This is one of my favourite creative tools because it’s so easy to get caught up in the colours of your main subject. Colour behind your subject can change the mood of your image, adding a beautiful and intriguing background.



2. Use negative space

Not only can you isolate your subject visually, but you can also use colour to stimulate the senses. In this image, the white of the jasmine plays on the purity and newness of the wedding day, represented by the rings. Since the viewer has less to process visually, the calming white of the jasmine lets them relax and imagine the fragrance of the flowers.

3. Fill the frame

The opposite of negative space! A little bit of drama goes a long way when you use colour to draw the subject’s eye into the image. Using one colour can really define the intent of your image. Red, for example, can create a feeling of love, passion, and power in an image like this.

4. Use complimentary tones

Colours can be the strongest form of communication in your images, due to our biological and psychological responses to them. While the subjects in this image have fallen, the deep earthy tones of this photograph give us a sense of nurturing and hope for regrowth.

Corrective Post Processing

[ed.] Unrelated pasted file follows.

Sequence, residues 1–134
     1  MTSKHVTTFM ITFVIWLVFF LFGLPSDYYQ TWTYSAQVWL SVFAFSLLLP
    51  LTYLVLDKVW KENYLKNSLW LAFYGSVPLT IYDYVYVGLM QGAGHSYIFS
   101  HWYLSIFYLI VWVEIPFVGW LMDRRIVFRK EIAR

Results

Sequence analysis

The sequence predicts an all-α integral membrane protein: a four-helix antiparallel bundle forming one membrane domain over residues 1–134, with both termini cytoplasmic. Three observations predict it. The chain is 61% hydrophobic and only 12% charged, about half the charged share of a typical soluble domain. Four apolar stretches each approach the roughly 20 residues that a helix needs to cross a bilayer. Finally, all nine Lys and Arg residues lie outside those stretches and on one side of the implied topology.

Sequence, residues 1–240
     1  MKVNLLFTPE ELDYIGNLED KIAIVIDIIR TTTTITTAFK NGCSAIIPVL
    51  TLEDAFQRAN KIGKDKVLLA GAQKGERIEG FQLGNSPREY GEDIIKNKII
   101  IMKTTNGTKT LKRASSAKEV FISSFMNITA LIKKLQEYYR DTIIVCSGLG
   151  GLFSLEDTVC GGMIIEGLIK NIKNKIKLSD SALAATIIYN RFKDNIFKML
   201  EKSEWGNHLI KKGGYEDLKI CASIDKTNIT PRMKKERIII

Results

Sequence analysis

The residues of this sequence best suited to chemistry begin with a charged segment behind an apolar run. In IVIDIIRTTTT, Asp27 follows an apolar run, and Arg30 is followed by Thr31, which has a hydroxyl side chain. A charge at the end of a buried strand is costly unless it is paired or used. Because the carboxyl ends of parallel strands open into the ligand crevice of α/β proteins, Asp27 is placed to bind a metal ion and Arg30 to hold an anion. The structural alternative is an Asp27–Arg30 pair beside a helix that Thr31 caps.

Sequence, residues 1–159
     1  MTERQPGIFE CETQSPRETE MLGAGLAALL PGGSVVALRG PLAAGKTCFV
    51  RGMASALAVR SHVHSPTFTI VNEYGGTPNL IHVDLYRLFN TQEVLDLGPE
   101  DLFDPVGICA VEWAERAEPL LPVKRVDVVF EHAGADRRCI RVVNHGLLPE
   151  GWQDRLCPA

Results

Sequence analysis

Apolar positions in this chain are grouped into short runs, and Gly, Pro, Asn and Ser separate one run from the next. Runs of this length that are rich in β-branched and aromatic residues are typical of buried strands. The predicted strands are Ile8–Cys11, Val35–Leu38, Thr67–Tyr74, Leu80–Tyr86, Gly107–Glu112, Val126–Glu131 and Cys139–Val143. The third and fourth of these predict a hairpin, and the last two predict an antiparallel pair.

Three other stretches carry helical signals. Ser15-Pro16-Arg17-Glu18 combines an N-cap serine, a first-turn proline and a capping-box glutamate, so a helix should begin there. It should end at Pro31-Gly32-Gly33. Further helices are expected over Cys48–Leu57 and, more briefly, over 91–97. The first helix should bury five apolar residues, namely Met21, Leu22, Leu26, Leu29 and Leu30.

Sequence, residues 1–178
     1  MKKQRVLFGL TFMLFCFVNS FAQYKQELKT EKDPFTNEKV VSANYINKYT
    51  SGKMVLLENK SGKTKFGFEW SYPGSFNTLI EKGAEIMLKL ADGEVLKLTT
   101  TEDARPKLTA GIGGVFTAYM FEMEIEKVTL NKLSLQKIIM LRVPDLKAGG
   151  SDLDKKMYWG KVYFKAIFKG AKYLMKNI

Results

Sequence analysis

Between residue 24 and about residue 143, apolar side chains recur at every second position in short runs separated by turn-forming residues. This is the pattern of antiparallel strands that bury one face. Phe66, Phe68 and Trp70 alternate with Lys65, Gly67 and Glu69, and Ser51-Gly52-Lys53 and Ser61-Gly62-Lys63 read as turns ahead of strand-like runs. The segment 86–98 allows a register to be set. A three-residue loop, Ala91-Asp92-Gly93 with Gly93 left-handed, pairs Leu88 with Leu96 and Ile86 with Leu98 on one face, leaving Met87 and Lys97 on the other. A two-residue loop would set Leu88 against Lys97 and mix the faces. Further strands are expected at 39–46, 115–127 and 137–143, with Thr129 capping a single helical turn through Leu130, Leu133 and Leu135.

5. Remove distractions

Have you ever taken the best photo, pulled it into post processing, and suddenly noticed a red sign in the background? An orange car? A bystander’s blue shirt? Remove these distractions in post processing to keep the focus on your subject.

6. Remove Chromatic Aberration (CA)

I really do love my Nikon 85mm f/1.8, but it does produce a lot of CA. This is an easy fix in Lightroom, by selecting “Remove Chromatic Aberration” under the Colour tab in Lens Corrections. Play with the sliders to defringe – it really makes a difference!

Creative Post Processing

7. Add pockets of colour to create depth

I love using the colour brush in Lightroom. There is so much you can do with a brush, and my favourite trick is to use triadic colours into the background of an image to make it pop. Choose 3 colours that are equally apart on the colour wheel, like blue, magenta, and gold.

8. Add a pop of colour!

Don’t be afraid of Vibrance, Luminance, and Saturation. They’re easy to play around with, and they can really make or break the vision you have for your colour images. This image would have been pretty bland without it. The orange plays against the blues of the rocks and adds intrigue to the overall image.

9. Artificial Sunflare

Some say it’s tacky, but I love a little artificial sun flare! Sometimes you just have to bring a little imagination to an image, and this is a great way to do it. I added this sun flare in post processing because I love how the neon colours brighten up the overall mood of the image.

Printing and Sharing

10. Check your Gamut

Just as you would check if your blacks are clipped or your highlights are blown, checking your gamut ensures that you won’t lose any information in your colours.

By Soft Proofing in Lightroom, you can see where the colours in this image are too saturated and colour information will be lost. In just a few seconds, I dropped the saturation in the reds to fix the problem.